Lowly mud and clay rise into the highest of temples


December 17, 2004

A world history of brick may sound about as dry as brick dust. But if you have never given a second thought to the humble brick, a look at this substantial volume may change your perspective on the brick buildings of the world.

This is a lavish large-format publication - the title page announces that it contains more than 600 illustrations, 570 of which are in colour. Besides maps and diagrams, the illustrations are largely the magnificent colour photographs of Will Pryce. Alone, these images would have made this book worth its price, but there is also the highly readable commentary by James W. P. Campbell.

In the preface, Campbell writes that this was very much a collaborative project: the pair visited every building they cover together, making ten separate expeditions to locations around the world, and the work took almost three years to complete. The result is organised chronologically, beginning with the sun-dried mud brick of Neolithic Jericho and ending with the results of industrialised brick production in the Western world of the 20th century, such as Rick Mather’s Arco Building at Keble College, Oxford, the Byker Wall Housing Project in Newcastle, and Evry cathedral near Paris.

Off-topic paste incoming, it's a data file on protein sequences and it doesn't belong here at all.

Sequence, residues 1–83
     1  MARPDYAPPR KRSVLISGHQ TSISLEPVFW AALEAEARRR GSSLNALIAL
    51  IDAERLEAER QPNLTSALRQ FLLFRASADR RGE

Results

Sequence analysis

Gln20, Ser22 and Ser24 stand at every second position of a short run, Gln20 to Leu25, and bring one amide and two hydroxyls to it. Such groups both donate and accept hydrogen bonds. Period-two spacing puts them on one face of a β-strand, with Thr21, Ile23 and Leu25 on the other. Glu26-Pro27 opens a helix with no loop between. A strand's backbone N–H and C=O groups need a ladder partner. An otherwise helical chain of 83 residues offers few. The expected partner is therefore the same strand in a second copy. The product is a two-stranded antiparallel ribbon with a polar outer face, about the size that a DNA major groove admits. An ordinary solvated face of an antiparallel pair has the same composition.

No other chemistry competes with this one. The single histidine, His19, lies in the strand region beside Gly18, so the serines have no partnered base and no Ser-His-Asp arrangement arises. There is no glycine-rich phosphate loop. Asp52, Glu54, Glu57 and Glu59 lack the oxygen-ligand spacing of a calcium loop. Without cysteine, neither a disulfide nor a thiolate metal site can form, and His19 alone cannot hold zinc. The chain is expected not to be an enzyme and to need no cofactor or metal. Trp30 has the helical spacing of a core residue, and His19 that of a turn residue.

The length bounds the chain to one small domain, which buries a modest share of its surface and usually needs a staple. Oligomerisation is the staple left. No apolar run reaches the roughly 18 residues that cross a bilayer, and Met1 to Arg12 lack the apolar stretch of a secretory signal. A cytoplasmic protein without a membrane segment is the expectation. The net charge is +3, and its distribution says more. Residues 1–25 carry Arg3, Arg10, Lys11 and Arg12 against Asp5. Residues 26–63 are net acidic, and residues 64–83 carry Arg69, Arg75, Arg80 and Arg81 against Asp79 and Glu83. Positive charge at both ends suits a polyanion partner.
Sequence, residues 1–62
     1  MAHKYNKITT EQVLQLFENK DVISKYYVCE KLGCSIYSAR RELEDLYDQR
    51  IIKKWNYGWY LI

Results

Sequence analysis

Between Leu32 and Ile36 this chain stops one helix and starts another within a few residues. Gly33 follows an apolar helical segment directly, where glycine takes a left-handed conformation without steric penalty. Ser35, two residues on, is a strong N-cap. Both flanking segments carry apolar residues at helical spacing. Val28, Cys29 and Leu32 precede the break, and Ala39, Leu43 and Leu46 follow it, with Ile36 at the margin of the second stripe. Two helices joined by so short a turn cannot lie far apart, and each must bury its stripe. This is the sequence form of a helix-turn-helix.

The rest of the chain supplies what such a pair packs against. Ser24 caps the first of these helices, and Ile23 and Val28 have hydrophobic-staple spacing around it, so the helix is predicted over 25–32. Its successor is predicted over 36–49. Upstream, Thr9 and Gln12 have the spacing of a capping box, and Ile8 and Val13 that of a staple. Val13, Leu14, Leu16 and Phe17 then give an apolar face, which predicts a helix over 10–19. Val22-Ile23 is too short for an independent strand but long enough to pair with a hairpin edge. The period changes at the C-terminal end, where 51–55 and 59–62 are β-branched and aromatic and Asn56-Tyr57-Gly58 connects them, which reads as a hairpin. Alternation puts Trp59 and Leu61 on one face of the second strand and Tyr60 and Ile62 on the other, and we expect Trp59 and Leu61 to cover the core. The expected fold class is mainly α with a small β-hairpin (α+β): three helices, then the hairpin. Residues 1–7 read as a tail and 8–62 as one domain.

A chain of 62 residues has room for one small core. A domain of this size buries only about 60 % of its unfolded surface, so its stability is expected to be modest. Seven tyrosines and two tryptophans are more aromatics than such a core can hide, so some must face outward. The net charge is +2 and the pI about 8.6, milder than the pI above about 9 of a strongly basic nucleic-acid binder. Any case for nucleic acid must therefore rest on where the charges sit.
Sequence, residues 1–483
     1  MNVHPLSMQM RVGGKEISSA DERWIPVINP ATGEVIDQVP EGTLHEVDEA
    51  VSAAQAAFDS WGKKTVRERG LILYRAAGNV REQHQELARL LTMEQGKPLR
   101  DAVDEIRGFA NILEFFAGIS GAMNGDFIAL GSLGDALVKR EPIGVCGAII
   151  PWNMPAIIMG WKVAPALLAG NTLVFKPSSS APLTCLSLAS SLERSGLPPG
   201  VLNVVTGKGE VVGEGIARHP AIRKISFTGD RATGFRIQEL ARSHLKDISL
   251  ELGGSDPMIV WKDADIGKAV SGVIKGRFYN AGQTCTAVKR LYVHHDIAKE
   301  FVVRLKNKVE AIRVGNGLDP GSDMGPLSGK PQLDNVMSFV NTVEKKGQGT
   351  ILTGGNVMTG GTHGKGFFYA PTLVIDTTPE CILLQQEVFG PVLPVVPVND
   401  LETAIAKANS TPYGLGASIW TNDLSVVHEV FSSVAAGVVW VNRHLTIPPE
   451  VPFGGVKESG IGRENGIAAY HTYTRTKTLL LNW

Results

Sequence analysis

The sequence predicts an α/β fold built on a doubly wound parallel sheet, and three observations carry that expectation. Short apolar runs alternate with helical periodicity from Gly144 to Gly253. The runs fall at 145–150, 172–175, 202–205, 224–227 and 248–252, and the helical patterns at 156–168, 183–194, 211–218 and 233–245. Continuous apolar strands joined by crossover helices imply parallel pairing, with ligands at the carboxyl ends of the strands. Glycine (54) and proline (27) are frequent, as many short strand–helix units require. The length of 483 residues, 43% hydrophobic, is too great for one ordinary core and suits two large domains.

The seven chapters are divided into short sections, variously devoted to a single building (such as the tomb of the Samnids and the cathedral of Albi), a group of related buildings (“China and the rise of the pagoda”, “Early brickwork in Colonial America”), an architectural
theme (“Twisted chimneys of the Tudor period in England”, “Brick and iron in French architecture 1850-1900”), or developments in brick manufacture (“French encyclopaedias and kilns in the 18th century”, “Rubbed and gauged brickwork”). The format makes this book ideal for leisurely yet instructive browsing.

Reading straight through, we encounter the civilisations of ancient Egypt (where mud brick was the norm), Mesopotamia and Babylon (where glazed bricks were perfected); the empires of Greece, Rome and Byzantium; the medieval period in Europe, Russia, the Middle East, India, Southeast Asia and China; the Renaissance in Europe; the contemporary East and China (exemplified by the Third Great Wall of the Ming Dynasty); the Enlightenment; and the Industrial Revolution of the 19th century - when brickmaking was transformed from a manual to a mechanised process and brick was used to construct much of the architecture of the industrialised world: viaducts, stations, sewers, factories and slums.

In a book of this vast chronological and geographical span, it has been necessary to make difficult choices about what to include. Campbell explains: “I have simply endeavoured to select those buildings and topics which I thought were most characteristic of a particular period and region and that had something important to say about the development of brick as a whole.” Yet some of the buildings have doubtless been chosen for their fame rather than for their innovative use of brick. The panoramic interior view of the Colosseum, for instance, may show many arches of brick-faced concrete, but the technique of facing concrete with brick can be traced back some 60 years earlier to the far less photogenic camp of the Praetorian Guard.